A new report by Efficiency Canada, a policy advocacy and research organization at Carleton University, outlines how to spark innovative approaches to building retrofits.

There is no pathway to achieving Canada’s greenhouse gas reduction commitments that does not include retrofitting Canada’s millions of residential and commercial buildings.

Yet, at the current pace it will take 142 years to retrofit all low-rise residential buildings and 71 years to retrofit all commercial floor area. Current policies are focused on short-term results, and markets are segmented and uncoordinated.

The missing sauce for a booming retrofit market is an innovation-oriented approach, guided by an ambitious mission, according to the report.

The report titled “Canada’s Climate Retrofit Mission” outlines a policy framework focused on triggering economies of scale and innovations to reduce costs, increase speed and enhance value. On-the-ground market development teams will coordinate the upgrading of several buildings at once, and introduce new retrofit models.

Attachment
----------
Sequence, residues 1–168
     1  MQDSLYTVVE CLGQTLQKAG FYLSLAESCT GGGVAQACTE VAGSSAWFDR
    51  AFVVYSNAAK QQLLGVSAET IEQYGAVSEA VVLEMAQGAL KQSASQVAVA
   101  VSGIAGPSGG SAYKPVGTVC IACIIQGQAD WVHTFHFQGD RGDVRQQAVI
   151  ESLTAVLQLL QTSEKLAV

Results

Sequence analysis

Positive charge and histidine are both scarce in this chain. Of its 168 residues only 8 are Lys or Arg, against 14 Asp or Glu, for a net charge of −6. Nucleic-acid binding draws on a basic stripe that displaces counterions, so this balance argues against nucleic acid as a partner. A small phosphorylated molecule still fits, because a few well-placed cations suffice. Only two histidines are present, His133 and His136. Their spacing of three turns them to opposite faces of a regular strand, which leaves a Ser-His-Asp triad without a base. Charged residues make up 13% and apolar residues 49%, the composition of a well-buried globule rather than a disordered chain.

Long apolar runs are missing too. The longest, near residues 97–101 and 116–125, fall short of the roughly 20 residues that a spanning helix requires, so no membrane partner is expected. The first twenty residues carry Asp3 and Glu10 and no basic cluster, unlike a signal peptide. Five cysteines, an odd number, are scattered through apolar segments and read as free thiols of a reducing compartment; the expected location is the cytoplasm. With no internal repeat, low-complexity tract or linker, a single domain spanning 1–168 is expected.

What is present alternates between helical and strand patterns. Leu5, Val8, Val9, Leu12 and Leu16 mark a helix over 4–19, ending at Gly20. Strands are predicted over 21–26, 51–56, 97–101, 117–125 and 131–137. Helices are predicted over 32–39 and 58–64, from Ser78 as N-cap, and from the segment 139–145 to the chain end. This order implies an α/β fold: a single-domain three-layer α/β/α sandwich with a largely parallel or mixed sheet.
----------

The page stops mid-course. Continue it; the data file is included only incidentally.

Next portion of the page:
The report envisions Canada undertaking a mass retrofit of all buildings within a generation to eliminate fossil fuels, while also freeing up enough clean electricity resources to power 10 million electric vehicles.

“To meet climate goals we need to see increases in scale and decreases in cost for building retrofits that are similar to what we have seen in wind, solar, and battery technologies. A mission-oriented approach focused on transforming the retrofit process can accomplish this,” says author Brendan Haley.

Featured image: Energiesprong is a program created by the government of the Netherlands in 2010 to retrofit existing buildings for higher energy efficiency standards. (Energiesprong International/Fabrice Singevin)

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